In a recent study.1 published in Signal Transduction and Targeted Therapy, Dr. Yu Liu and collaborators report that the differentiation block in UTX-null leukemia cells can be reverted by an LSD1 inhibitor, highlighting additional ways of targeting UTX-deficient malignancies.

UTX is an important epigenetic regulator, and many human cancers harbor mutations or deletions in this gene.2 A series of recent studies have established the role of UTX as a tumor suppressor in leukemia, lymphoma, pancreatic, and lung cancers.3,4,5,6,7 In particular, it was also demonstrated that UTX escapes from X chromosome inactivation, therefore females have more functional copies of this tumor suppressor than do males, and different dosages of UTX in male and females contribute to cancer sex bias.5,8

Biochemically, UTX is a histone demethylase that removes methyl groups from tri- and di-methyl H3K27, which negatively regulates gene expression. The loss of UTX, therefore, has been demonstrated to affect gene expression, cellular differentiation, and embryonic development. In many cancer models, the role of UTX as a tumor suppressor has been linked to epigenetic changes associated with UTX loss.4,7 Significant changes in enhancer and chromatin accessibility were observed in UTX knockout cancer models, and an enzyme activity-independent role has also been proposed for UTX as a tumor suppressor.4,7

Several studies have shown that UTX-deficient cancers are more aggressive and can lead to poor patient survival.4,5,9 An important question is how to develop specific strategies to more effectively treat these UTX-deficient cancers. Several lines of evidence have been established (Fig. 1). First, since UTX is a H3K27 demethylase, several research groups have shown that inhibitors of EZH2, the H3K27 methyltransferase, can strongly inhibit the growth of UTX-deficient cancers.6,9 Second, in pancreatic cancer models it was found that UTX-deficient cancer is sensitive to BET inhibitors, which restrain gene expression from super-enhancers that are altered by UTX loss.4 Third, two separate studies suggest that the cellular sensitivity to cytarabine, a cytosine analog that inhibits DNA synthesis, is potentially affected by the H3K27 methylation status. In AML, the loss of the H3K27 methyltransferase EZH2 induced resistance to cytarabine,10 whereas in lymphoma models the loss of the H3K27 demethylase UTX sensitized the cells to this drug.5 It remains interesting to determine whether the above findings, if applied in clinics, could enhance the treatment outcome of UTX-deficient tumors.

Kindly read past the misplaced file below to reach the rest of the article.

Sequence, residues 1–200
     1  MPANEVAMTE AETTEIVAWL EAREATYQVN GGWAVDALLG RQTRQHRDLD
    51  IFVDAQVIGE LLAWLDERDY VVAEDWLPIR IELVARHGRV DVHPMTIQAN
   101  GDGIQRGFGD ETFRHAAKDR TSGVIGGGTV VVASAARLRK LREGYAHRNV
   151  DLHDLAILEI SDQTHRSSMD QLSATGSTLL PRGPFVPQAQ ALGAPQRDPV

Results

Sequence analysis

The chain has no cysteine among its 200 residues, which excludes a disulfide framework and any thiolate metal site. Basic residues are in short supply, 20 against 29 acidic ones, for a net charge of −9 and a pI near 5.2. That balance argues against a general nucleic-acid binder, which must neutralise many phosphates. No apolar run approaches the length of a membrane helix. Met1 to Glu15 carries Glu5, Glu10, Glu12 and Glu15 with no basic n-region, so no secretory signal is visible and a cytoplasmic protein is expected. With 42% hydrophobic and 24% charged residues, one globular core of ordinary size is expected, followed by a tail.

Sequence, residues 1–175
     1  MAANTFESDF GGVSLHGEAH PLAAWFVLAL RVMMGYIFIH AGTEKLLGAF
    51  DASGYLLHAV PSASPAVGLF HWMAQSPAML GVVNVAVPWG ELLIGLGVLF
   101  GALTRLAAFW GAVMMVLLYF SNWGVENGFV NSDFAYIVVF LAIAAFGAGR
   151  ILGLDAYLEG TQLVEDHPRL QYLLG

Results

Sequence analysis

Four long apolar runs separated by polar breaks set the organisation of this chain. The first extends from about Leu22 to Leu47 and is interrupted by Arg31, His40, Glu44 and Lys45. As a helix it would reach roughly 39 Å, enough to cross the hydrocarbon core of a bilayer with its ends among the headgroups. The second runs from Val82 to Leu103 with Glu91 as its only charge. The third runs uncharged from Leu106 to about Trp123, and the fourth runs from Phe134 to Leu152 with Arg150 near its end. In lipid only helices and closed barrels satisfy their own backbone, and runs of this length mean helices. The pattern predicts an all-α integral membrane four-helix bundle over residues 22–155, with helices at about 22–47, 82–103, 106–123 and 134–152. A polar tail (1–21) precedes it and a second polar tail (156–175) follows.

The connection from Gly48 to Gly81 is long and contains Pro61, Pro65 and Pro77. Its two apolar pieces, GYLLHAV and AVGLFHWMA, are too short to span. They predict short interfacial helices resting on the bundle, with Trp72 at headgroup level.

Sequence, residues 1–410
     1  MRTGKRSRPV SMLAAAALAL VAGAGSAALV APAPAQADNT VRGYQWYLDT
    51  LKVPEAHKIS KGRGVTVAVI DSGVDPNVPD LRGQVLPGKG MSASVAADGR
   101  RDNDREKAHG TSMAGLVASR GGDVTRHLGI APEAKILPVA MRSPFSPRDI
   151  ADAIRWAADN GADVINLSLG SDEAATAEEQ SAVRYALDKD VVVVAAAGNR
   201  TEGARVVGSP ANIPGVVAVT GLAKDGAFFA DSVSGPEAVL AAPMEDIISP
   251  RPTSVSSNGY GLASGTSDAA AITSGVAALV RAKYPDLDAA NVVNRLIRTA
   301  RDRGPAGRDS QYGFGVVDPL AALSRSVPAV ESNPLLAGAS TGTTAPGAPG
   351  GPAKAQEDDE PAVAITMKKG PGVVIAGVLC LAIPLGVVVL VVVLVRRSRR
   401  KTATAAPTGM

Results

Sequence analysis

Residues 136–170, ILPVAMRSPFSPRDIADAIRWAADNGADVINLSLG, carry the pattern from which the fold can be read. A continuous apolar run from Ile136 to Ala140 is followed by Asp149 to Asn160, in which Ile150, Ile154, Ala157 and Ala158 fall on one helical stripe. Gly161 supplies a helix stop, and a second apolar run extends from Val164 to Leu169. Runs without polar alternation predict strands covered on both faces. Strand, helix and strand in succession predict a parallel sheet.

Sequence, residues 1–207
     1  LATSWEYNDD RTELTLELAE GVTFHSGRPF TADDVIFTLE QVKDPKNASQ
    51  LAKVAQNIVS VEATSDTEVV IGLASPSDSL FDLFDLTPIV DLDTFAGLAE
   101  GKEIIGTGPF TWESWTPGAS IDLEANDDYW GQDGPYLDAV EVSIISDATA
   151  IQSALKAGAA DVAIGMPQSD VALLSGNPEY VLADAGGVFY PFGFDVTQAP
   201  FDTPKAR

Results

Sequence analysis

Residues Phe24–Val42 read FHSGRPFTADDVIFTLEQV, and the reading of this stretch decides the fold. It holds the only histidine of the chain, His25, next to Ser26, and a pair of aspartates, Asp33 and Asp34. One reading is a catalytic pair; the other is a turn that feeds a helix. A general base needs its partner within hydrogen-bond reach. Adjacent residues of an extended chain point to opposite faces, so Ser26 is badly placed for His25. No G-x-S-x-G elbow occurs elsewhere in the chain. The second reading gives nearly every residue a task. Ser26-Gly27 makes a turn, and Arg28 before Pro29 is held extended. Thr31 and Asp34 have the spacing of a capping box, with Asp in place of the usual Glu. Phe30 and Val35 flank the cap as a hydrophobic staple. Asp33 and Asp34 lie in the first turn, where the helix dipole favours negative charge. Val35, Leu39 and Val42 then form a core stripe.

Fig. 1
figure 1

Loss of UTX in cancer cells results in an altered epigenetic state that renders cancer cells vulnerable to several small molecules and anticancer drugs (in red)

In an interesting paper in this issue of Signal Transduction and Targeted Therapy, research conducted by Dr. Yu Liu’s group1 has further expanded the weaponry against UTX-deficient malignancies. To further explore the potential pharmacological weakness of being UTX-deficient, an elegant model of UTX-null hematopoietic stem and progenitor cells (HSPCs) was employed. In human patients, UTX mutation in this cell type causes a differentiation block that contributes to the development of MDS and AML. While screening for small molecules that are able to release such a differentiation block, the authors identified SP2509, a selective inhibitor of the H3K4 demethylase LSD1. Ensuing studies demonstrated that SP2509 promoted the differentiation of UTX-null HSPCs but not wild type HSPCs. Gene signatures in UTX-null HSPCs were also reverted by this drug. Importantly, from a cancer treatment perspective, SP2509 promoted the differentiation of UTX-deficient AML cells in vivo and extended mice survival. These findings convincingly demonstrated that H3K4 methylation is crucially involved in the differentiation block caused by UTX deficiency. It was also the first time that the H3K4 demethylase inhibitor was suggested for fighting UTXless cancers.

Interestingly, UTX often coexists with two H3K4 methyltransferases MLL3/MLL4 in the COMPASS complex. This complex, by coordinately removing the repressive H3K27 methylation marker and establishing the active H3K4 methylation marker, mediates crucial decisions in gene expression and cellular differentiation. Indeed, in the paper by Wu et al., a UTX knockout was shown to decrease H3K4 methylation in HSPCs, likely through the COMPASS-like complex, and the LSD1 inhibitor SP2509 decreased the self-renewal ability of UTX-null HSPCs. Together with previous findings, it seems that UTX-deficient cancer cells dance delicately on the balance between H3K27 and H3K4 methylation status, and pharmacological weakness can be specifically explored for such an altered balance within UTX-deficient cancer cells. The novel findings by Wu et al. not only established the relevance of the COMPASS complex for the maintenance of the UTX-deficient cancer state but also highlighted additional enzymatic targets in the fight against UTXless malignancies (Fig. 1).